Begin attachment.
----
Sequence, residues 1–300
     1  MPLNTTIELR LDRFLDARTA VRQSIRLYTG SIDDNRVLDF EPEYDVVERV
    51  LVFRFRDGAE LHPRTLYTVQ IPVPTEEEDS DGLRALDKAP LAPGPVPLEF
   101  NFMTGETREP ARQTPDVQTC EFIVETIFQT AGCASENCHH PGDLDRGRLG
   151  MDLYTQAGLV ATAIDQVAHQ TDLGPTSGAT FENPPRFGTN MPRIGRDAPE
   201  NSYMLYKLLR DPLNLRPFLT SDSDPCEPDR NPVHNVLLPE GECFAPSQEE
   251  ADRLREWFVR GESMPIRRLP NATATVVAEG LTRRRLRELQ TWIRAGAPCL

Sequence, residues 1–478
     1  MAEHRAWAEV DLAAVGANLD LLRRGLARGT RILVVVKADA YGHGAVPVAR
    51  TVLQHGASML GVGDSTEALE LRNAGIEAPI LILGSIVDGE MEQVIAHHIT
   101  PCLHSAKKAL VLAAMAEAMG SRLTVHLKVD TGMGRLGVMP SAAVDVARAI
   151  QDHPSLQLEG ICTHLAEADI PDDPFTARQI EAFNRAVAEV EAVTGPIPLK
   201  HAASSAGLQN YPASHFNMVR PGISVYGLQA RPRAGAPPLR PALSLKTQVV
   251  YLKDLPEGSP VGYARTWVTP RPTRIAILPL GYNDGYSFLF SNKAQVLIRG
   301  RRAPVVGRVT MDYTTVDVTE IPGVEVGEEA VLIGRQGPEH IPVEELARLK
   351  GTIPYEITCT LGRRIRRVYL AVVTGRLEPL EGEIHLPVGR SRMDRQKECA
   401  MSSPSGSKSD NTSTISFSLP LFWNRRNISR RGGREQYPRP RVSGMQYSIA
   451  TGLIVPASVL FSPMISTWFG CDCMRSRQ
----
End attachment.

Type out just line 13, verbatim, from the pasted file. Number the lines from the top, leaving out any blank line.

   201  HAASSAGLQN YPASHFNMVR PGISVYGLQA RPRAGAPPLR PALSLKTQVV